Day, Wilson Acknowledge Run Game Difficulties Against Iowa

By October 25, 2022 (3:10 pm)Football

During the first six games of the season, Ohio State showcased the dynamic capabilities of its committee of running backs in TreVeyon Henderson and Miyan Williams. Prior to their off week, the Buckeyes rushed for an average of 228.0 yards per game — ranking second in the Big Ten behind Minnesota.

However, Iowa had the answer for the Buckeyes’ strong running game — holding Ohio State to just 66 yards on 30 carries for an average of 2.2 yards per attempt, a season-low mark. With attention to his team’s struggles in the running game on Saturday, Day noted that the Buckeyes will need to put that performance behind them and refocus their attention in that area prior to taking on Penn State.

“When you go into a game and you rush for 300 yards, and the game ends, you’re not like ‘oh, we’re good, now we’re going to rush for 300 yards in every game,’ Day said. “It’s the same thing when something doesn’t go well. You’re not going to go into a game next week and say, ‘well, you’re only going to rush for 20 yards.’

“I just think you have to identify what you did well and what you didn’t do well and make those corrections and move forward,” he added. “The result is a feedback on your preparation, and how you did that week. We obviously didn’t do well enough to our standard.”

Williams and Henderson each churned out their lowest rushing outputs of the season, as Henderson registered just 38 yards, on an average of 3.5 yards per carry, while Williams produced 19 yards and a touchdown on 10 attempts. The Buckeyes did also get creative with their ball carriers, handing the ball off to wide receiver Emeka Egbuka twice for 10 yards. Ohio State also utilized linebacker Chip Trayanum, who played running back at Arizona State prior to his transfer to the Buckeyes, as he carried the ball once for a gain of nine. Freshman Dallan Hayden also ran it twice for five yards.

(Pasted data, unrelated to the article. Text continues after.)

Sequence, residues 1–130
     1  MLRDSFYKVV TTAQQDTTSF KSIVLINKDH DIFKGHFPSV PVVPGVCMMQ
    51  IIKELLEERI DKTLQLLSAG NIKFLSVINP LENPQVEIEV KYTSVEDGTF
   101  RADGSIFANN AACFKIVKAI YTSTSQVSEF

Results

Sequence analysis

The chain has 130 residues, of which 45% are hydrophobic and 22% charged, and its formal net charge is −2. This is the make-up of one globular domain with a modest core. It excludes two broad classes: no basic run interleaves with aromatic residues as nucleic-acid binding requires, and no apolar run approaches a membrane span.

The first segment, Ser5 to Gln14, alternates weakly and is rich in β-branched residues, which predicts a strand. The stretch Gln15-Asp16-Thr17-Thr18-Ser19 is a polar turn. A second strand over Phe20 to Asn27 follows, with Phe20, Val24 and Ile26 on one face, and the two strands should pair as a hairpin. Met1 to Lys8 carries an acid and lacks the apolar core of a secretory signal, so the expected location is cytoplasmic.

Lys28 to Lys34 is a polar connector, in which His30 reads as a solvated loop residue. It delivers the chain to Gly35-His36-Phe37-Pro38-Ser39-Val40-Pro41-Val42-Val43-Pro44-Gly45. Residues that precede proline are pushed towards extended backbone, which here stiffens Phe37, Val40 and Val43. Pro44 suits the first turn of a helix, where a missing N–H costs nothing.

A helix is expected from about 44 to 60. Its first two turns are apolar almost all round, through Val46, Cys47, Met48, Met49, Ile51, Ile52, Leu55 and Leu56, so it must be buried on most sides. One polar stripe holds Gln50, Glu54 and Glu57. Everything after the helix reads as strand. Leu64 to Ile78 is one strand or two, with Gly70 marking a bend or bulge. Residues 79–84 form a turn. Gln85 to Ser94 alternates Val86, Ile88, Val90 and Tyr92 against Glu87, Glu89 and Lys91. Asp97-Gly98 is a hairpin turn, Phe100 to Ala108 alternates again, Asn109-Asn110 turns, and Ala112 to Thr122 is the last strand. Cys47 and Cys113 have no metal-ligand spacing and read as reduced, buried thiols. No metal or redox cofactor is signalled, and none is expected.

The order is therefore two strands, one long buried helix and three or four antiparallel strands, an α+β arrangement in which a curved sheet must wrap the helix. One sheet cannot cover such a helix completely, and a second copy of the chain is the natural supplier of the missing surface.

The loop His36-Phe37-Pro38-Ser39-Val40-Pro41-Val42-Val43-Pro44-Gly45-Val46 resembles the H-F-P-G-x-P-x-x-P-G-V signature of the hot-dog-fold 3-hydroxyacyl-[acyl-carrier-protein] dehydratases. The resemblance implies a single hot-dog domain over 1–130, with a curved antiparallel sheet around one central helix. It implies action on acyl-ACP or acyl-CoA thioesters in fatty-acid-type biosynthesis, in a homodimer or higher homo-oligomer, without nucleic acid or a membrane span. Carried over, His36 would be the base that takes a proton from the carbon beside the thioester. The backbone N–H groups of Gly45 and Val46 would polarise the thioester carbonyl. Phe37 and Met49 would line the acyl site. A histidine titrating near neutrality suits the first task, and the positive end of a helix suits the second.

As the duo has largely been used in a committee this season, Day reaffirmed that the Buckeyes will follow that model rather than giving Williams or Henderson the bulk of the carries.

“I think where we’re at is good,” Day said. “We have them both healthy now, so that’s good. We’re getting ourselves back into the rhythm of them both playing because it’s been a couple of weeks since we had them both.”

To Wilson, some of the Buckeyes’ issues stemmed from difficulties maintaining blocks and opening holes for the backs to run through, as well as Iowa’s prowess against the run. The Hawkeyes entered Saturday’s contest allowing just 3.03 yards per carry — the fifth-best mark in the Big Ten.

“(The first thing) is just staying on blocks,” Wilson said. “(Iowa) did a really nice job, they’re always good fundamentally. I just thought (they had good) hand placement and were getting off of blocks.

“In general, they played better than us and we have to play better across the board,” Wilson said. “Credit those guys, they kind of won some one-on-one battles and made some good plays.”

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